What’s Your Story?


Adam what-s-your-story (1)Stories unite us.

Before the advent of writing, we scribbled drawings on rocks and cave walls and told tales to one another.

There’s a reason storytelling has continued over time. There’s a reason stories have been passed down from generation to generation. Stories accomplish many things. They entertain us, spur thinking, teach lessons, share emotions, pass knowledge.

It’s no different in the business world.

In fact, a good story creates something very meaningful: it connects you with others. It distinguishes who you are.

That’s why it’s important to take the time to identify your own story and share it, whether you’re an employee or an employer, whether you’re representing your own company or one you’re working for.

For diverse companies looking to compete in the government sector or public sector like Fineline does, your story is a vital piece of your communications. It’s your business card, your means of both standing out and connecting.

Here are some questions to ask yourself when crafting your story:

Who’s your audience?

Death_to_stock_photography_Vibrant (9 of 10)Any storyteller knows that the first rule of crafting a compelling story is to know your audience. Who are they? What do they want? What do they like? What moves them? What captures their interest?

Once you’ve identified what your audience wants, you can start sifting through your story and shaping it to meet your audience’s needs.

Take Fineline’s audience for example, the audience I must engage: public-sector contractors. What do they want in subcontractors?

They want competent, experienced companies that can help support their bids. They need to meet state diversity goals by enlisting the help of certified diverse companies. They need partners that can deliver when faced with sharp turnaround times, partners that have the resources to get the job done right.

When you’ve identified who your audience is and what they want, you’re ready to move forward.

Where did you come from?

Years before Fineline was a reality, the owner and president, Richard Miller, immigrated to New York from Argentina as a teenager. He was not fluent in English and had to quickly learn the language as he made his way through high school. After several years of sharpening his business acumen as a sales professional at Nabisco Brands, he started Fineline in 1981 with a small SBA loan. (In fact, this year we’re celebrating our 35th Anniversary as an organization!)

They say it’s important to never forget where you came from. Equally important is to communicate where you came from to others.

Fineline has embraced its roots from the beginning. Our logo incorporates the Argentinian flag. We’re minority certified in several states and with the National Minority Supplier Development Council. Our company culture is equally shaped by Richard’s Argentinian heritage today and now includes over 60 employees.

Let others know where you came from. It grounds you and your company and makes you relatable. It also distinguishes you further. We all have different paths in life, after all.

What makes you different?

At present, World Population Clock estimates that nearly 7.5 billion people inhabit the Earth.

They all have stories. They all have their own personalities and features.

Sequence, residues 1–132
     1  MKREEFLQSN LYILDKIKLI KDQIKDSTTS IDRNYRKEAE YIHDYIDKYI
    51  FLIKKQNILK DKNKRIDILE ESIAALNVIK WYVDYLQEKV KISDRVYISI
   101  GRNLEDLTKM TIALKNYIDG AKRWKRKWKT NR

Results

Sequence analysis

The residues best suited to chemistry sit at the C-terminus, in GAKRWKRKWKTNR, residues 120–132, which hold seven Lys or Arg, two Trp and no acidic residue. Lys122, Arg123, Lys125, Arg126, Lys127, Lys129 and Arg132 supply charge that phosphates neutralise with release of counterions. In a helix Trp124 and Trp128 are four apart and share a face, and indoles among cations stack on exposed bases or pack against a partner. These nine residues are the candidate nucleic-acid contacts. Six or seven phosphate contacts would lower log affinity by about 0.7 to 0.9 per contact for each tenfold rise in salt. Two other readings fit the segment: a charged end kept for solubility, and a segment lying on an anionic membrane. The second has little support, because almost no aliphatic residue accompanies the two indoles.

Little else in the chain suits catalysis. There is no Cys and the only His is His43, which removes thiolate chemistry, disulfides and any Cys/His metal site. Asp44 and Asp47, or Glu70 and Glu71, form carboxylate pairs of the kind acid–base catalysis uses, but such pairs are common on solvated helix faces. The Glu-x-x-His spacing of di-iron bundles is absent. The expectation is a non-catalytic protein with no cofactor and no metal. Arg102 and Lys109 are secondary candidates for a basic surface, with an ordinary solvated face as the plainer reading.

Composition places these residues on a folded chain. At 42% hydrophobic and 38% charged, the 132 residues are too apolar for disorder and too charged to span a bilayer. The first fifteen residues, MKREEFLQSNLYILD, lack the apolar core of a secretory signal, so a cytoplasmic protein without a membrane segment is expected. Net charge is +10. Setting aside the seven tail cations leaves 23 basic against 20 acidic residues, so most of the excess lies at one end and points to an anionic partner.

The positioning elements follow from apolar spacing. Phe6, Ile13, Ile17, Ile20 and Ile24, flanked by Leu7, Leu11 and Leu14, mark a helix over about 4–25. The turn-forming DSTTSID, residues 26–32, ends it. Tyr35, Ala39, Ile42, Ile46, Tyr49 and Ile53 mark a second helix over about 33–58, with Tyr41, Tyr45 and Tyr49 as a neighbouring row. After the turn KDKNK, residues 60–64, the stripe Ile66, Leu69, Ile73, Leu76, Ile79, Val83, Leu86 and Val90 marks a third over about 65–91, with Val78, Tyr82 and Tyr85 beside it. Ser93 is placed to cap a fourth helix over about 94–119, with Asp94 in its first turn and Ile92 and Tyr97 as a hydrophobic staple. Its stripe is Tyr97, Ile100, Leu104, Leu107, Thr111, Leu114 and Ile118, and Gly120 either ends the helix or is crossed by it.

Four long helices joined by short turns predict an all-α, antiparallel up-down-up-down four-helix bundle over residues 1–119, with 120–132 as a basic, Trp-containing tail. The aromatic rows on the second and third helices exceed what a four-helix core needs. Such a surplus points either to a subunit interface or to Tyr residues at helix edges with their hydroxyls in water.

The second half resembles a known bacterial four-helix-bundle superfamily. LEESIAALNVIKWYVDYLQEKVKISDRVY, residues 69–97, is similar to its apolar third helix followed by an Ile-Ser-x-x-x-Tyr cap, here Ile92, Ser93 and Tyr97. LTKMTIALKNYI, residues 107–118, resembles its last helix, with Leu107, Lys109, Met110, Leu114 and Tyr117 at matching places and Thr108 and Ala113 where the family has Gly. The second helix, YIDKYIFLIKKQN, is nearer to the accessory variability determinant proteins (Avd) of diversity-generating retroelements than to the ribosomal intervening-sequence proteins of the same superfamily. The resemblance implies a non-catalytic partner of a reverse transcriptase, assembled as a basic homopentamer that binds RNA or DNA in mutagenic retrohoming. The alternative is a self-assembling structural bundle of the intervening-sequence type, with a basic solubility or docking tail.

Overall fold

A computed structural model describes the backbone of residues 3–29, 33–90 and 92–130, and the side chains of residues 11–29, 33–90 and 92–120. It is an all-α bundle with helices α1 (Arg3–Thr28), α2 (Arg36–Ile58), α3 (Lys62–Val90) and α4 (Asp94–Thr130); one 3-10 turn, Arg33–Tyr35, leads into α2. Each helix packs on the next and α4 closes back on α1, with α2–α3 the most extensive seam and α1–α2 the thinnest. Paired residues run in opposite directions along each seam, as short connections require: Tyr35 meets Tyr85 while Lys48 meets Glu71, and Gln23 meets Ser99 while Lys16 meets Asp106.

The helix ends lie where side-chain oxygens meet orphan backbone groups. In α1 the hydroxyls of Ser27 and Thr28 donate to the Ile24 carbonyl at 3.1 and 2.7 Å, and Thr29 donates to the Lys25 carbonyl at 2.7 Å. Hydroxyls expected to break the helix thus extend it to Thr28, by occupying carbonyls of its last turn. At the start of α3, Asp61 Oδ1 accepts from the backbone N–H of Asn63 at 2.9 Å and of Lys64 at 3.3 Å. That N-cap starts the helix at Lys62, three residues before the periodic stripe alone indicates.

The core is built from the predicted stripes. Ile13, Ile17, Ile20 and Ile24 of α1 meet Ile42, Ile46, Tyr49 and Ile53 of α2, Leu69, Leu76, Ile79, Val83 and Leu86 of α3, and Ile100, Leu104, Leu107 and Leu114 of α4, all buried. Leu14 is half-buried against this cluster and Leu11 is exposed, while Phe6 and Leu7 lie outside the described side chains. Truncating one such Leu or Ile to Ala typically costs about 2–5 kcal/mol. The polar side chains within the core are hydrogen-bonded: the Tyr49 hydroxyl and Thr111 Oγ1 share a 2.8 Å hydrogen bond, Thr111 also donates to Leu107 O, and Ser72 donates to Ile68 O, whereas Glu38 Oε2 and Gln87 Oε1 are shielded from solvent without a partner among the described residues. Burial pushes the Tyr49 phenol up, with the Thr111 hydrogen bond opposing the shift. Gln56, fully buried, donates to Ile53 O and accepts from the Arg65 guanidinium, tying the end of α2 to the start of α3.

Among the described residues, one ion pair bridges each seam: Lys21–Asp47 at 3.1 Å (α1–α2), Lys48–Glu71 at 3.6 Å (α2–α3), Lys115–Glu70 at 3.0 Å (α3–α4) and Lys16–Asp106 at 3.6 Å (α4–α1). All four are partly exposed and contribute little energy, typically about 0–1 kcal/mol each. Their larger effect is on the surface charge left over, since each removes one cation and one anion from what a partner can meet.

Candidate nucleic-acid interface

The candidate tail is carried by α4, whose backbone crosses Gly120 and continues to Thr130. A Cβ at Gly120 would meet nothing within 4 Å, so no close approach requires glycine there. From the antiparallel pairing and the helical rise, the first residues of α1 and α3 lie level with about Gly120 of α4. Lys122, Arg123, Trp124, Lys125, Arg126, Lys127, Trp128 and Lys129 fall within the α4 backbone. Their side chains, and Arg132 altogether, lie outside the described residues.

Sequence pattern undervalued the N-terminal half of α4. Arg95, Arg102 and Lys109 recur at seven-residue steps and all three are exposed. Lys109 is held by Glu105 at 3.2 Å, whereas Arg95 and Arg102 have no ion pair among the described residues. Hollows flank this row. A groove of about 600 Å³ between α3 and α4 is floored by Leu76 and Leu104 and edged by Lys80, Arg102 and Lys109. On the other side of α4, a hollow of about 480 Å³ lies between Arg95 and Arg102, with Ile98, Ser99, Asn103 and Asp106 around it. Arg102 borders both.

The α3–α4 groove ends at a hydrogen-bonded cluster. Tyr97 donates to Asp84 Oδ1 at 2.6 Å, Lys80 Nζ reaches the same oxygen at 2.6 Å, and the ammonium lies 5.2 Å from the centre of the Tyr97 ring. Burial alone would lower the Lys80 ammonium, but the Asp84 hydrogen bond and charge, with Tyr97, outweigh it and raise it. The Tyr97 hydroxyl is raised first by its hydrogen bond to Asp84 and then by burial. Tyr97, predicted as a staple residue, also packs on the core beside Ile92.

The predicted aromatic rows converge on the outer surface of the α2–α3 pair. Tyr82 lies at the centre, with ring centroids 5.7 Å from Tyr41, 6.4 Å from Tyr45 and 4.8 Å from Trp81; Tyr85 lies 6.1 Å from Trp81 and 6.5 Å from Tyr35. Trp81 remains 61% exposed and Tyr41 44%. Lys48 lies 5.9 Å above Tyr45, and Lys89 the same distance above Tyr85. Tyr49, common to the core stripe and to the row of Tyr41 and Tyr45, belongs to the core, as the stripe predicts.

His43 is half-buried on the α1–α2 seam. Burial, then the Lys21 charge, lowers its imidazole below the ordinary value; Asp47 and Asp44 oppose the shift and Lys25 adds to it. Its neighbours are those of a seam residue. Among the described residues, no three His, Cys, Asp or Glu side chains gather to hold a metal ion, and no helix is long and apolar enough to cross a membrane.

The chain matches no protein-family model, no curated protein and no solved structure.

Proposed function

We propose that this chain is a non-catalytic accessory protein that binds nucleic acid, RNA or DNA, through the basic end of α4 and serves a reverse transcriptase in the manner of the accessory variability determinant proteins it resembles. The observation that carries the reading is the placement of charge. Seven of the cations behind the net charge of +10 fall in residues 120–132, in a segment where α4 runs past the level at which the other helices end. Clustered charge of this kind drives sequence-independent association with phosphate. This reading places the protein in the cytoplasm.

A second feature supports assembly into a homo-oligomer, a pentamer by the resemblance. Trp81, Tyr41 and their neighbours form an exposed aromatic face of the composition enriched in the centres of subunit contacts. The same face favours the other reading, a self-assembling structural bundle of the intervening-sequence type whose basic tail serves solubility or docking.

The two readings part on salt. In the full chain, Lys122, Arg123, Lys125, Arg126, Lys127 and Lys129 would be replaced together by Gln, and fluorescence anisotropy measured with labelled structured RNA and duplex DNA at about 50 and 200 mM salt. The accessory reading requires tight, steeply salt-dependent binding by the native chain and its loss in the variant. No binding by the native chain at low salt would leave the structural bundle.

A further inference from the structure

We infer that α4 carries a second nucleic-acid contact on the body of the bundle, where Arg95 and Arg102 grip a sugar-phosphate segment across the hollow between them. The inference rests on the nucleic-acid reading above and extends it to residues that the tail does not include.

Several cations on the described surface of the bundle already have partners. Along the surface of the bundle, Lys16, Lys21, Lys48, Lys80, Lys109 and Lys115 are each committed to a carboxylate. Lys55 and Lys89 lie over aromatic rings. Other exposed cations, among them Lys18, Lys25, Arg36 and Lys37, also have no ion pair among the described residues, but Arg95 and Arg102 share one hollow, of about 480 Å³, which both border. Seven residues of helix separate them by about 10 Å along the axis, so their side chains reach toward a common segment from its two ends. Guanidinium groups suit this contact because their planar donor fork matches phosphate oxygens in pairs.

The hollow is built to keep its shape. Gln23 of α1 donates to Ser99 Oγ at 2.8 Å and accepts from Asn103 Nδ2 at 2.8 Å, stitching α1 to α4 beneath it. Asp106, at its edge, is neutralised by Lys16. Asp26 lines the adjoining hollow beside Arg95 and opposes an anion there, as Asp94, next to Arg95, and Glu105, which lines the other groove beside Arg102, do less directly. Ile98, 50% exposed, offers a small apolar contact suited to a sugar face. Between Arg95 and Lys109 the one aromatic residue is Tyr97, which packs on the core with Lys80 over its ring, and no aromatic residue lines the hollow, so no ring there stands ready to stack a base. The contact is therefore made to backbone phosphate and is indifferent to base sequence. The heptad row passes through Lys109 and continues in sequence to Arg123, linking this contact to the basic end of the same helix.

What’s different about your story? What’s different about you? Take stock and communicate those differences.

What’s different about Fineline as a subcontractor?

For example: Fineline’s owner immigrated from Argentina and founded the company in 1981. We’ve been in business for 35 years. We’re minority certified in several states and with the National Supplier Development Council. We occupy a 71,000-square-foot manufacturing facility, which houses our extensive fleet of state-of-the-art equipment. We offer premium flexibility and quality by pairing “big-shop” capabilities with “small-shop” service.  

Identifying your differences sets you apart from everyone else.

Where are you going?

Stagnation leaves even the best of us obsolete. We must always be moving, always adapting. Any growing company knows that. Public-sector contractors seek that out in partners. They want companies as hungry, tenacious, and agile as they are.

So, where are you going?

In terms of where a company’s going, there are many things to consider:

  • Any recent expansions?
  • New Target Markets?
  • Newly acquired talent?

Put it all out there.

For example: Fineline’s going a lot of places. First, we have our building expansion, which increased our capacity by 18,000 square feet. Next, we’ve expanded our staff to meet growing needs in the verticals we serve–we’ve acquired several bright minds and talents as members of our IT department in particular. Additionally, we were recognized as a 2015 Indiana Company to Watch. Last, but certainly not least, we grew our annual revenue 14.7% last year and are well on our way to continuing that growth this year.

We’re expanding. We continue to build our strengths, finesse, and knowledge every day. As Richard so often says, and mounted in the form of plaques on a few walls around our facility: we are always learning.

Once you’ve identified all these components, you’re ready to tell the story of you, your company, or both. Remember to present and detail the story in terms of what interests your audience and why they care.


As you’ve gathered, stories are an important part of communication. For companies in the public sector, stories are crucial in shaping how others perceive you. Stories help you connect with others and help you distinguish yourself.

So, what’s your story?


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